The manufacturing system 10 also includes a sampling controller 140 executing on a workstation 150. As described in greater detail below, the sampling controller 140 monitors the operating recipes implemented by the tools 30-80 and implements different sampling plans for measuring the output characteristics of the workpieces processed by the tools 30-80 based on the expected defectivity characteristics of the operating recipes. The defectivity characteristics of an operating recipe include the propensity of the process implemented using the operating recipe to induce defects in the processed device. Exemplary defects include particle contamination defects, missing or extra patterns, or electrical faults or defects. Although the MES server 90 and sampling controller 140 are shown as separate entities, they may be integrated into a single unit.
The MES server 90 stores metrology data related to the particular tools 30-80 used to process each lot of wafers in the data store 110. The metrology data may include feature measurements, process layer thicknesses, electrical performance characteristics, defect measurements, surface profiles, etc. Maintenance history for the tools 30-80 (e.g., cleaning, consumable item replacement, repair) may also be stored in the data store 110 by the MES server 90 or by a tool operator.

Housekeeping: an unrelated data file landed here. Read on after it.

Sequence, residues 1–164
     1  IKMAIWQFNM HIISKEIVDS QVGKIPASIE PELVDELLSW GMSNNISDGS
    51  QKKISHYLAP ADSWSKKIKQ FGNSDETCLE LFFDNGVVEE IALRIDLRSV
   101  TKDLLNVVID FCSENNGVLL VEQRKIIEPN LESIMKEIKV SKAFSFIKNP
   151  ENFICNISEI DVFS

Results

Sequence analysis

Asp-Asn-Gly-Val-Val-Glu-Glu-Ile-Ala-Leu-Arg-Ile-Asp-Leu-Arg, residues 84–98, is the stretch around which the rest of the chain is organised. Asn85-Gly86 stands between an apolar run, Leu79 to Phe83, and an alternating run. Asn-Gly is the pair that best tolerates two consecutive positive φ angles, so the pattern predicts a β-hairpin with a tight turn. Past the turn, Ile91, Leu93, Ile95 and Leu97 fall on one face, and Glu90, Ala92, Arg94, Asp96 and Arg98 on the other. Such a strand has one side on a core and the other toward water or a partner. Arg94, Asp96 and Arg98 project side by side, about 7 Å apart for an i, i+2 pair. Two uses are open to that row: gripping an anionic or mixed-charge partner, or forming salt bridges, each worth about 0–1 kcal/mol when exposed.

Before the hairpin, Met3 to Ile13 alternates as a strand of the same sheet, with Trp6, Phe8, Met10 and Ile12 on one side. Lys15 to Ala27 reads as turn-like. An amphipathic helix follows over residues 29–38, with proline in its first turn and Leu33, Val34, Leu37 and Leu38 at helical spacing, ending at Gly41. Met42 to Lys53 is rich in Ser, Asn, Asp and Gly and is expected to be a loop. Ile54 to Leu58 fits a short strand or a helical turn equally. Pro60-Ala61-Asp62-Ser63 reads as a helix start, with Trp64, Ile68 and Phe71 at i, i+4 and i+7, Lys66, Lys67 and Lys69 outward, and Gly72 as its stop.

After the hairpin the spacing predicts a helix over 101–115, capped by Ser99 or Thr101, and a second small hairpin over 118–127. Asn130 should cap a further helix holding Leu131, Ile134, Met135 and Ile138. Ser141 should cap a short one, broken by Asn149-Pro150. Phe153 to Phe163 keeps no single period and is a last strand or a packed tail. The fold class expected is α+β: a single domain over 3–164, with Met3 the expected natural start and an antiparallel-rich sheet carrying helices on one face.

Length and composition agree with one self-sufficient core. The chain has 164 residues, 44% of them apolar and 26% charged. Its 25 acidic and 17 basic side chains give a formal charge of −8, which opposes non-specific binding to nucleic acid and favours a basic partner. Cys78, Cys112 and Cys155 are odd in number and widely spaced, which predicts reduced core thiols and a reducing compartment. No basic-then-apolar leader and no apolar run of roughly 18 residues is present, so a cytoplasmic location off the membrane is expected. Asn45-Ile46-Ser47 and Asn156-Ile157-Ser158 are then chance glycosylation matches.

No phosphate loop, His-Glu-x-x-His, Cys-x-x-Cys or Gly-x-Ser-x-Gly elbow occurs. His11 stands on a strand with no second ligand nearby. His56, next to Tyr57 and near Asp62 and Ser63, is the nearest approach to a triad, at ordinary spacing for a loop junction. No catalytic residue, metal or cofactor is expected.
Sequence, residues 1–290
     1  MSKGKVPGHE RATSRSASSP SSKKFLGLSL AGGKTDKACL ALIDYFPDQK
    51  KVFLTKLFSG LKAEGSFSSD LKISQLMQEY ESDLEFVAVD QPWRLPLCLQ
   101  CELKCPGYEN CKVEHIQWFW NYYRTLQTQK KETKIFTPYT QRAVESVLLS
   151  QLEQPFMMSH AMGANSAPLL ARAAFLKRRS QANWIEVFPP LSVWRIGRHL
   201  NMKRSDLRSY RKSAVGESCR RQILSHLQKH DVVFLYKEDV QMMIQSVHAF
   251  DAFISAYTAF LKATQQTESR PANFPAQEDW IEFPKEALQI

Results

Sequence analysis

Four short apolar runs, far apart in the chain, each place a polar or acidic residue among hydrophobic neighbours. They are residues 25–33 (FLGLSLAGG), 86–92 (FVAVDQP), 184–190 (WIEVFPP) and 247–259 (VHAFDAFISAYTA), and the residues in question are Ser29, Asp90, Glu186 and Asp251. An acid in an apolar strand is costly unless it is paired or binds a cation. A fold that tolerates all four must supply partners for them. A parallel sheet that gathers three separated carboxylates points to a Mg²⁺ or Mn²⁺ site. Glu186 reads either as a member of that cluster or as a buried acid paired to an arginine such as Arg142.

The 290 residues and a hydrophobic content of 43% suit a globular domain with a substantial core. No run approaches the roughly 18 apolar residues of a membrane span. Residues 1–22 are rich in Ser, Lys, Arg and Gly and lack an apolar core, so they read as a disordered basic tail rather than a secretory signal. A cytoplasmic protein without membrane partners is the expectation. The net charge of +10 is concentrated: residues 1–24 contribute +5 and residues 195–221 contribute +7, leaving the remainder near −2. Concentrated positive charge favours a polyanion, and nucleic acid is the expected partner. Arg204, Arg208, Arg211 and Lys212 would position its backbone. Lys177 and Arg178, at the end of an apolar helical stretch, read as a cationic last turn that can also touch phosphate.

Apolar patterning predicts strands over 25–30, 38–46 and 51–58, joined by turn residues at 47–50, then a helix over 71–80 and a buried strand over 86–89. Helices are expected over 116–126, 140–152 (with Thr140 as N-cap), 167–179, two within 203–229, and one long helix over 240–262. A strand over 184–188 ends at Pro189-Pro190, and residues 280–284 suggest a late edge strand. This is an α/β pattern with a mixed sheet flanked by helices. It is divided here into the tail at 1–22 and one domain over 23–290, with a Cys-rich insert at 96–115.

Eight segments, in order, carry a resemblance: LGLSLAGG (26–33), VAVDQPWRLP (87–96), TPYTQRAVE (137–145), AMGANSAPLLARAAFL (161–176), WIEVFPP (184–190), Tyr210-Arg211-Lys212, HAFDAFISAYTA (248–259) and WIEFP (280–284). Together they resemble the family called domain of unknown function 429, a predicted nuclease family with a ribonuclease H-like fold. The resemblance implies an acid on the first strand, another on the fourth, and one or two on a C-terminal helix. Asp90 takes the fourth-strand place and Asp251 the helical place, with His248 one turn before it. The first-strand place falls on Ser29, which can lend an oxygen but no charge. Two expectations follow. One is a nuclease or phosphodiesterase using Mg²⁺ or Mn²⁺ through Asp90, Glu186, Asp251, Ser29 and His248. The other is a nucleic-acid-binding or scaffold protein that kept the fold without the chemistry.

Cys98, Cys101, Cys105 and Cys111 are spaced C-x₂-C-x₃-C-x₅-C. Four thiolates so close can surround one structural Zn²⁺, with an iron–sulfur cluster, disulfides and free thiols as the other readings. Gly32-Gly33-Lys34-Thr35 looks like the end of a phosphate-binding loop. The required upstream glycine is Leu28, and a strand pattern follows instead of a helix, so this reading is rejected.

Referring now to FIG. 2, a simplified block diagram of a portion of the manufacturing system of FIG. 1 is provided. A process tool 200 (e.g., one of the tools 30-80) processes wafers 210 according to one of a plurality of operating recipes. The process tool 200 may also be a single chamber of a multiple chamber tool 30-80. A metrology tool 220 (e.g., one of the tools 30-80) measures output characteristics of the wafers processed in the process tool 200 to gauge the efficacy of the process implemented by the process tool 200. The metrology data collected by the metrology tool 220 may be passed to a process controller 230 for dynamically updating the operating recipe of the process tool 200 to reduce variation between the measured output characteristic and a target value for the characteristic. The metrology collected by the metrology tool 200 may also be passed to a fault monitor 240 for fault detection and classification. If the measured output characteristic is outside tolerable limits, the fault monitor 240 may reject the wafer and the wafer may be reworked or scrapped and/or the process tool 200 may be taken out of service for maintenance.